Women’s Rights: The Headscarf (Hijab)

There are many people out there who will think I’m crazy for saying that the wearing of a headscarf (or hijab) is a woman’s right. That’s because Western society views Muslim women as oppressed and the hijab as a symbol of their oppression.  We assume that the only reason women wear the hijab is because their men require them to and that they will discard them as soon as they’re liberated.

While I don’t doubt that there are some Muslim women who dress the way they do solely because of the requirements of their culture, who would prefer to not wear the hijab, I believe that the majority of Muslim women who wear the hijab feel quite comfortable doing so. In fact, they wouldn’t have it any other way.

When I first encountered women wearing hijabs in my job, I was curious and dubious. I wondered if they resented having to wear them and doubted that they would if they had a choice. I had always seen the head scarf as depersonalizing. I thought that it took away a woman’s right to look as attractive as she wanted to. It seemed to me that Muslim men insisted that their women cover themselves in order to keep them from being sexually enticing, as if men couldn’t control themselves if they saw a woman’s hair or the outlines of her body.

I also thought that I would never be able to tell the women apart. That reflects a prejudice on my part which I now realize is completely unfounded. The women still have faces, for God’s sakes! And their hijabs are all different, some of them really beautiful. I realize that there are Muslim societies where the women are required to wear all black and cover themselves from head to toe. (For a discussion about this click here.)  But the Muslim women I’ve gotten to know are from Libya  and are here in the States studying to be doctors. Through them, I’ve been able to see a different side of being a Muslim and a woman.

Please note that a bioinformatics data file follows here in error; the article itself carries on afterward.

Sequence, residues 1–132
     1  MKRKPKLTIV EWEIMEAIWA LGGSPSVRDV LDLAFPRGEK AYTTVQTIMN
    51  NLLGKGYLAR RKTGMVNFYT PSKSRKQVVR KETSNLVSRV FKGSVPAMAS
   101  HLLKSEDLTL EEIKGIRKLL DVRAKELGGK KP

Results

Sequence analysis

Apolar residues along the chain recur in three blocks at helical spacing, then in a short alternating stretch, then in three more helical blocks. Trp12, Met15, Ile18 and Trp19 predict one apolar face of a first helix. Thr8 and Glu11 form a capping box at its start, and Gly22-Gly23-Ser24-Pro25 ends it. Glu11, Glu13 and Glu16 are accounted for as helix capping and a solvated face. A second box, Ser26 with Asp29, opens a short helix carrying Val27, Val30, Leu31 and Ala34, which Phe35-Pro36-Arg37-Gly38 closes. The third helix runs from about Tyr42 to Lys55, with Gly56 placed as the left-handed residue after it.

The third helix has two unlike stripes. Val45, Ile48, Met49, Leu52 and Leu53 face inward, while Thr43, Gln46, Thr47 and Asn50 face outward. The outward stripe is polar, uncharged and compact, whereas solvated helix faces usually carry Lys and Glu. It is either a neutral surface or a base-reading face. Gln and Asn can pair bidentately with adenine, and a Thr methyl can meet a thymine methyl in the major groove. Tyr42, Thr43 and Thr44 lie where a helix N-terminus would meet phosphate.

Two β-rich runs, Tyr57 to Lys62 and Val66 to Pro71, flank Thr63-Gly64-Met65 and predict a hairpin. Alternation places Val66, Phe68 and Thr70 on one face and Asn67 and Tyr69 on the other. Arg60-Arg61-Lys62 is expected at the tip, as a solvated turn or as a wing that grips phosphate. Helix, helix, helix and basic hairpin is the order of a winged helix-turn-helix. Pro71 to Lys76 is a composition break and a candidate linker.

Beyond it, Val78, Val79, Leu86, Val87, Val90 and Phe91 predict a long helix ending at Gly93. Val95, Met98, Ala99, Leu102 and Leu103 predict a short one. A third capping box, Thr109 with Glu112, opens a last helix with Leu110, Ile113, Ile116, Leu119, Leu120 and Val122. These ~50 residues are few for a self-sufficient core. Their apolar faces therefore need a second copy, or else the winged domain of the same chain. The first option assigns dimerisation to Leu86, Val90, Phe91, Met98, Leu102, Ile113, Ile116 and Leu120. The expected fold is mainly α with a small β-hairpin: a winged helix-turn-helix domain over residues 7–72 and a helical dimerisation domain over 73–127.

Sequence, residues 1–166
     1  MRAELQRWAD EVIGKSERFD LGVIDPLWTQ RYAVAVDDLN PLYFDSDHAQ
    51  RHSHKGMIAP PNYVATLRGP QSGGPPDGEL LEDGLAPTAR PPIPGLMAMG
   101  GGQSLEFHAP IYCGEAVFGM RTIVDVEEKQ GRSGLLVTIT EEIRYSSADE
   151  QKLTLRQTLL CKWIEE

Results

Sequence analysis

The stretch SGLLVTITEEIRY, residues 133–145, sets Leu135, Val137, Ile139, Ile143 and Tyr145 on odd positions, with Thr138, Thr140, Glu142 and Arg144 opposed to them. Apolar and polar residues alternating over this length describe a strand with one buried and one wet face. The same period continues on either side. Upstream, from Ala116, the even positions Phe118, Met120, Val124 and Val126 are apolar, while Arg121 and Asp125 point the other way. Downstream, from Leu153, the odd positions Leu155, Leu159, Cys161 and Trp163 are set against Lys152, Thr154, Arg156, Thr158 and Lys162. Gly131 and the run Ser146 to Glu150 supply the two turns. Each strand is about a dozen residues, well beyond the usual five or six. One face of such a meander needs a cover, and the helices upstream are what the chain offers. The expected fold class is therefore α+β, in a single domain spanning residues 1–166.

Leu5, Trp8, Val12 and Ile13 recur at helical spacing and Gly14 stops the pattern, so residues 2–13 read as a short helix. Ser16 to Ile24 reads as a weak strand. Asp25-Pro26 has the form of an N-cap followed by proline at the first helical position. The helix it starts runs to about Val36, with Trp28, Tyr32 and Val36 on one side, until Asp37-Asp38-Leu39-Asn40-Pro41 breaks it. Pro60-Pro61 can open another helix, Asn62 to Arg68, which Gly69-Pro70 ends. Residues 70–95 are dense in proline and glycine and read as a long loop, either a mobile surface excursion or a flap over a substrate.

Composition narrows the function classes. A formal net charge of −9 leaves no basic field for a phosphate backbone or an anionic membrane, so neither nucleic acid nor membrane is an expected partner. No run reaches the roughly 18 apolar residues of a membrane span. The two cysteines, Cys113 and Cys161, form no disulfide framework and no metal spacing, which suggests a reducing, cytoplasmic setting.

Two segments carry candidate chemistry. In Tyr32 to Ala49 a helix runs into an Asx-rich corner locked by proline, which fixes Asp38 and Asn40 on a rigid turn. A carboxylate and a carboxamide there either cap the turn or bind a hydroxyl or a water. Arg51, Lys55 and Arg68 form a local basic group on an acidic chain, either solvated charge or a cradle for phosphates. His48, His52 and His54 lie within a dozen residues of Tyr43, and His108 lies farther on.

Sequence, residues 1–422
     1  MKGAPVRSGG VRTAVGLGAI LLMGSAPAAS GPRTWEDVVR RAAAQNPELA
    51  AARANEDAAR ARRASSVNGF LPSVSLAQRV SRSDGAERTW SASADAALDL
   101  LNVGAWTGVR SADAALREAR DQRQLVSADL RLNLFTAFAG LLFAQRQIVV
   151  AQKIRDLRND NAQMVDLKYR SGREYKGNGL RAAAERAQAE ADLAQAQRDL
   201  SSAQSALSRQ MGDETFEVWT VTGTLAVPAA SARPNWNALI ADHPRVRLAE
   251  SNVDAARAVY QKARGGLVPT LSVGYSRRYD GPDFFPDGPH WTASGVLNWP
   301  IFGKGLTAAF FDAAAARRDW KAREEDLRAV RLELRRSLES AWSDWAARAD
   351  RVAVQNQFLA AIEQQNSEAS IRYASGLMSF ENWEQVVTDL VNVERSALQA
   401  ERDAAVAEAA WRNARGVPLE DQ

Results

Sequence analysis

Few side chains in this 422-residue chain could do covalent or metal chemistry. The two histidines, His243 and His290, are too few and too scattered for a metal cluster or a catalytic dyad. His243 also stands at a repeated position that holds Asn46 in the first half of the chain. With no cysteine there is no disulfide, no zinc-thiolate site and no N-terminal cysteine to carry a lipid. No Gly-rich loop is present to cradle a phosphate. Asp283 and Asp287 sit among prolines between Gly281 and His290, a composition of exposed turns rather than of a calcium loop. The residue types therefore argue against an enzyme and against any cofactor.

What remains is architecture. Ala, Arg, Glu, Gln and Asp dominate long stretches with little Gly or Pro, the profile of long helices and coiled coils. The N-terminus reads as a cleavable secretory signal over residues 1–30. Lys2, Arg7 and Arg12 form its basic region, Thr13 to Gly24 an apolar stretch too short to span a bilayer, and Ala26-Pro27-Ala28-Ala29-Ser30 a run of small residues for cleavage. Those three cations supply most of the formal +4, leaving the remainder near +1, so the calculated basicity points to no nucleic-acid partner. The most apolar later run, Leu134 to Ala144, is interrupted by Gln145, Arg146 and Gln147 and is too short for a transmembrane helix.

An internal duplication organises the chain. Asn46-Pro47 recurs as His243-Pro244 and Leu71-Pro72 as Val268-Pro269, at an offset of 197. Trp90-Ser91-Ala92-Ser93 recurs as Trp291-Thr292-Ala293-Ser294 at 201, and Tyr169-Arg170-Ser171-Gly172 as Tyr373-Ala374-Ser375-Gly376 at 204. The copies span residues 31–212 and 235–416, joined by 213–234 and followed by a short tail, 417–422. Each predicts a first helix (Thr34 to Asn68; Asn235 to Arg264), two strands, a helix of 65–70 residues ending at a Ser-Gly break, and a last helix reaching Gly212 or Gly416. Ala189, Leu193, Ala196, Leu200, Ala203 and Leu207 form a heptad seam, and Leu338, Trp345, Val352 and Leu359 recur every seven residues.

I’ve been reading the book Who Speaks For Islam? which is based on Gallup polls that have been administered worldwide. Western women see Muslim women as needing to be “liberated,” but the majority of Muslim women say they are comfortable with their lot in life. They would like to be able to vote without outside influence, work at a job for which they are qualified and be able to drive. But their pressing concerns are lack of unity among Muslims, extremism, high unemployment and political corruption. (Click here to get to a .pdf flyer about Muslim women.)

The wearing of hijab does not imply the same thing to Muslim women as it does to non-Muslim women. (For instance, the word hijab has come to mean modesty, privacy and morality. See here for more information about hijab dress.) We need to stop assuming that wearing the hijab means a woman is a second-class citizen. The polls show that the majority of Muslim women feel sorry for Western women because of the way they are degraded by the men who treat them as sex objects.  Seeing as how feminists also object to women being treated as sex objects, instead of judging Muslim women for wearing hijabs maybe we ought to wear them ourselves, as a show of solidarity.

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Ellen

Editor and chief writer at I, Muslimah and Femagination. Ellen also contributes regularly to Elevate Difference. She is a freelance writer, essayist and copy editor, living with two cats and a husband in Columbus, OH.